Risk Insider: Jack Hampton

High Five to the Spencer Foundation

By: | September 6, 2016 • 2 min read

John (Jack) Hampton is a Professor of Business at St. Peter’s University, a core faculty member at the International School of Management (Paris), and a Risk Insider at Risk and Insurance magazine where he was named a 2018 All Star. He was Executive Director of the Risk and Insurance Management Society (RIMS), dean of the schools of business at Seton Hall and Connecticut State universities, and provost of the College of Insurance and SUNY Maritime College in New York City.

Each September, the Spencer Educational Foundation holds an annual gala for insurance industry professionals in New York City. The fundraiser provides support for college and university students in insurance and risk management programs across the United States and Canada.

The Foundation arranges internships for students and supports risk manager-in-residence programs on college campuses. Some students, known as Spencer Scholars, receive substantial financial aid.

Risk management and insurance at the undergraduate level? Many people scoff at the idea.

Colleges should focus on developing skills in critical thinking and written and oral communications, they say. Students should learn how to analyze problems and work on teams. Liberal arts is the way to go. The formative college years should not be wasted on vocational training.

Rather than debate the merits of a liberal arts foundation, supporters of Spencer applaud it. The 80 or so programs in insurance and risk management all build on a liberal arts foundation. Spencer scholars take the same history, psychology, and English courses as majors in theology, philosophy, and sociology.

The first two years provide breadth in thinking, writing, and communicating for all students, whether they finish in the arts, sciences, business, or education. The last two years offer depth in a single discipline, building skills and knowledge.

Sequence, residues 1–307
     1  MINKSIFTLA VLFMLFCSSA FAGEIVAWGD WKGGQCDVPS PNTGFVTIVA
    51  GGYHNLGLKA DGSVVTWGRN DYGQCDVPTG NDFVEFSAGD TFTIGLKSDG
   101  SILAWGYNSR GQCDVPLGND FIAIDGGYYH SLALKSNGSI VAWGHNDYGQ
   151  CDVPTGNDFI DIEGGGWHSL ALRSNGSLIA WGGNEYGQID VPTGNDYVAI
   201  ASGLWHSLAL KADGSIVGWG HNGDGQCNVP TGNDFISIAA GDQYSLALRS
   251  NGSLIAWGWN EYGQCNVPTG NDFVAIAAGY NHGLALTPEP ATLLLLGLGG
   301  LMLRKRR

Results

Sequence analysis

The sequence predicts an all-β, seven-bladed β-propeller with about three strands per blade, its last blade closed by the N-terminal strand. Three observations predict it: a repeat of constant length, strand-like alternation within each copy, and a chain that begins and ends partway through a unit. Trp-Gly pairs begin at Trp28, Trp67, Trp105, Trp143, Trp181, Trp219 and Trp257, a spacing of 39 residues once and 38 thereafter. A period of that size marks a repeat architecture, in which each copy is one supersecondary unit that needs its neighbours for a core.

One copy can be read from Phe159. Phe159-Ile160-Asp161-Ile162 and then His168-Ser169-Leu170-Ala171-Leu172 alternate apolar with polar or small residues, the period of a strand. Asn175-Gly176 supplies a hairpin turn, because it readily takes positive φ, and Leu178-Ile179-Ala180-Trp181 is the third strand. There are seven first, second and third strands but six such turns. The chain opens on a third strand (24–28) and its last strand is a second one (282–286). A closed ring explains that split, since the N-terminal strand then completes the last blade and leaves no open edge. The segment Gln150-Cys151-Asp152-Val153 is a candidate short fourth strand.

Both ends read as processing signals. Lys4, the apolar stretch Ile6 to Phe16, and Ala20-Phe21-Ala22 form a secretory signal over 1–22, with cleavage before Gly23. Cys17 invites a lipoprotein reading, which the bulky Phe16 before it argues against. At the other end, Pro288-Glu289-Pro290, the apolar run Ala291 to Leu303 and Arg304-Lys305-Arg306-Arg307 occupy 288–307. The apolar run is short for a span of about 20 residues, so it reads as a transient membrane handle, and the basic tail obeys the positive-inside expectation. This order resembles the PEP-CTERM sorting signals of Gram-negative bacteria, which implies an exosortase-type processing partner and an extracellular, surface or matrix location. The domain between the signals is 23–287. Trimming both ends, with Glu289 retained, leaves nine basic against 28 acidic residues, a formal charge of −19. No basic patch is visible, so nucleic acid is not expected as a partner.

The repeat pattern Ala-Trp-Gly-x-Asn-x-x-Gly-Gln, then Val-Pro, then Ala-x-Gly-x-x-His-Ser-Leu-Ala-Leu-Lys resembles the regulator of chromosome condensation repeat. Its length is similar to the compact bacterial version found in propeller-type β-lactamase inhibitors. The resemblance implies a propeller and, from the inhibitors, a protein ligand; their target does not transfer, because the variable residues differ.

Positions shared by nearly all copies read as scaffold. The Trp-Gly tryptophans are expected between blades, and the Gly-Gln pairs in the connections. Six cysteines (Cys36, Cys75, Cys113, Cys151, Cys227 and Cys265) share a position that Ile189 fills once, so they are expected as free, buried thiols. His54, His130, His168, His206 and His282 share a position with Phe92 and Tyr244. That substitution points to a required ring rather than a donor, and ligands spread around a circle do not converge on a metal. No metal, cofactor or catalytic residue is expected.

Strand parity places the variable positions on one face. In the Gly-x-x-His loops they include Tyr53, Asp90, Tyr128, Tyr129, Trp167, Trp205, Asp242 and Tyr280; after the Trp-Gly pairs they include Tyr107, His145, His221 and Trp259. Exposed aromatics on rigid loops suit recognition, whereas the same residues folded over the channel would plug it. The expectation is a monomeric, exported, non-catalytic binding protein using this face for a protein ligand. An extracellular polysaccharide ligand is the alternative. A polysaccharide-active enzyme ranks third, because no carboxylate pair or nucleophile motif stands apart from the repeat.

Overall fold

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As an example, a Spencer Scholar studying risk management examines issues like those facing Etna Confectionery. The company owns three facilities within five miles of the crater on Mount Etna in Sicily. It converts locally-grown fruit into candy sold throughout Europe.

The European Union issued a mandate to the company to build a larger facility. Students were asked to recommend a location.

Rather than debate the merits of a liberal arts foundation, supporters of Spencer applaud it. The 80 or so programs in insurance and risk management all build on a liberal arts foundation. Spencer scholars take the same history, psychology, and English courses as majors in theology, philosophy, and sociology.

Options included staying on the slope of the most active volcano in Europe or moving to Messina, a safe distance from the crater but still local enough for supply of raw materials. The Messina location involves a higher capital cost, more expensive operations, and likely lower profits.

Question for the students. What are the major risks? Financial, economic, strategic, and management challenges were identified, but they needed to go deeper.

The discussion came alive when students realized the stark consequence of operating a few kilometers away from the crater of an active volcano.

They learned about an organization’s risk appetite. How much risk is it willing to take to gain the benefits that accrue from taking it?

The discussion on the issues facing the Etna Confectionery helped them move from the theoretical to the practical. This is the skill they need to start their careers.

The Spencer Foundation supporters realize the challenge is to help students learn that some risks matter and some not as much. Spencer Scholars, and for that matter all students exposed to risk managers-in-residence and supervised internships, learn to apply the lessons of liberal arts to solve problems that require critical thinking and creativity.

Students and parents are the customers of colleges. We all kind of know that.

Students are also the products of colleges. Colleges mold them, shape them, form them, and send them out into their professional lives.

Contact with industry professionals during one’s college years is not merely vocational training. Rather, it is a critically important component of developing an educated person.

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